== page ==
Learner Support in Distance Education: Unlocking the Potential of Public Libraries in Supporting Teaching and Learning in Open and Distance Learning

Harriet Nabushawo Mutambo
Makerere University, Uganda

Jessica Norah Aguti
Commonwealth of Learning, Canada

Mark Winterbottom
University of Cambridge, United Kingdom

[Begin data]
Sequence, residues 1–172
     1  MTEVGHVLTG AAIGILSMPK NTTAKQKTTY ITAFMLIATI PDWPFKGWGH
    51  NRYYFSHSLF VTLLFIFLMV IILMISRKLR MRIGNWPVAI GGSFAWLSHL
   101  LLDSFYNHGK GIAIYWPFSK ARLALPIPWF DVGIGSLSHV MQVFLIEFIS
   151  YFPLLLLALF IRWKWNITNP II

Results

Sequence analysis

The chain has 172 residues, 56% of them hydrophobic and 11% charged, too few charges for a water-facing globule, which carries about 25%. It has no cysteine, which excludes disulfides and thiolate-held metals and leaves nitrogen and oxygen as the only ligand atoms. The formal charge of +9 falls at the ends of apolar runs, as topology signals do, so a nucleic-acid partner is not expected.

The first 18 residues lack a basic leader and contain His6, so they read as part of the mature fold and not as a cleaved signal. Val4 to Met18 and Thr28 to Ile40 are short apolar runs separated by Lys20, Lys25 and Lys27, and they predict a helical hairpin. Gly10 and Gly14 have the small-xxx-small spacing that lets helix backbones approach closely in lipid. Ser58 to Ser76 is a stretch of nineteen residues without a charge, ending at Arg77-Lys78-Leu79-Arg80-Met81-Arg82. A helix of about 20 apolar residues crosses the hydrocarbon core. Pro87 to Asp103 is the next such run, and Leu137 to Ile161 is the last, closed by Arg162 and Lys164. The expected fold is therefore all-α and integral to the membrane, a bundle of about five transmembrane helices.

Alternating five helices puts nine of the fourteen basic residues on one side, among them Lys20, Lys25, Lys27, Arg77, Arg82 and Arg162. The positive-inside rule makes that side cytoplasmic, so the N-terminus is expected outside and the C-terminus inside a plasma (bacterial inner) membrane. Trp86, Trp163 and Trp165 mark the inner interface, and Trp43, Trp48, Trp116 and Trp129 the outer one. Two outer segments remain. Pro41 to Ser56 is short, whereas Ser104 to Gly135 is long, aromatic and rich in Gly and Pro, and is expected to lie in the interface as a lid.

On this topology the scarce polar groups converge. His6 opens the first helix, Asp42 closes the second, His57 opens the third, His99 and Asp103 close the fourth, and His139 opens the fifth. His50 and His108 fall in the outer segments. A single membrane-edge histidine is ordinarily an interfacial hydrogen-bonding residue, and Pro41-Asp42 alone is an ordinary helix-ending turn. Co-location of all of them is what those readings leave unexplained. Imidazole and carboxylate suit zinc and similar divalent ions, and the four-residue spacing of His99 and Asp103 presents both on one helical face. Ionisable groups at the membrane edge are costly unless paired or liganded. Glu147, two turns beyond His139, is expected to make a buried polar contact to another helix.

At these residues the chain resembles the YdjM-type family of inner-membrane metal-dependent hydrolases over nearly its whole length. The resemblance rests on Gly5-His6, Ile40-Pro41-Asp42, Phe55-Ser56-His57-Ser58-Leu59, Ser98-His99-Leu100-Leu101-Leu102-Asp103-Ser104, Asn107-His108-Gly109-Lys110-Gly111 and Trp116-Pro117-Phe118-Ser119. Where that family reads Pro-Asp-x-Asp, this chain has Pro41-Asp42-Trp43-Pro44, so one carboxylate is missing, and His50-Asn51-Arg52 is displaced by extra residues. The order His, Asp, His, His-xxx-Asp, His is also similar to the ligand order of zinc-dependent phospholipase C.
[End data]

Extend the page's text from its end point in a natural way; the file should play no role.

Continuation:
This study examined the nature of services and facilities available and accessible in public libraries to ODL students in sub-Saharan Africa and the challenges these services face. Library services are central in teaching and learning processes because they expose the students to a variety of resources which facilitate in-depth study and lead to development of intended competencies. However, according to Pernell (2002), traditional library services often fail to adapt to the needs of Open and Distance Learning students especially in dual mode universities. This in the end affects students' final grades as well as the quality of education they receive. Using a cross sectional survey, from 422 respondents who include students, staff (both on campus and off campus) and librarians, data were collected though questionnaires, interviews, focus group discussions and documentary analysis. The findings reveal that due to inadequate library resources in study centres where ODL students are meant to receive remote support, the students have been utilizing library resources from the public libraries. This support from public libraries however needs to be acknowledged and fully integrated in the University policy provision for effective collaboration and knowledge sharing to ensure smooth coordination of library activities. This paper seeks to examine the potential of public libraries in supporting distance learners in Makerere University and the need for policy to guide the collaborations and while sharing library resources.

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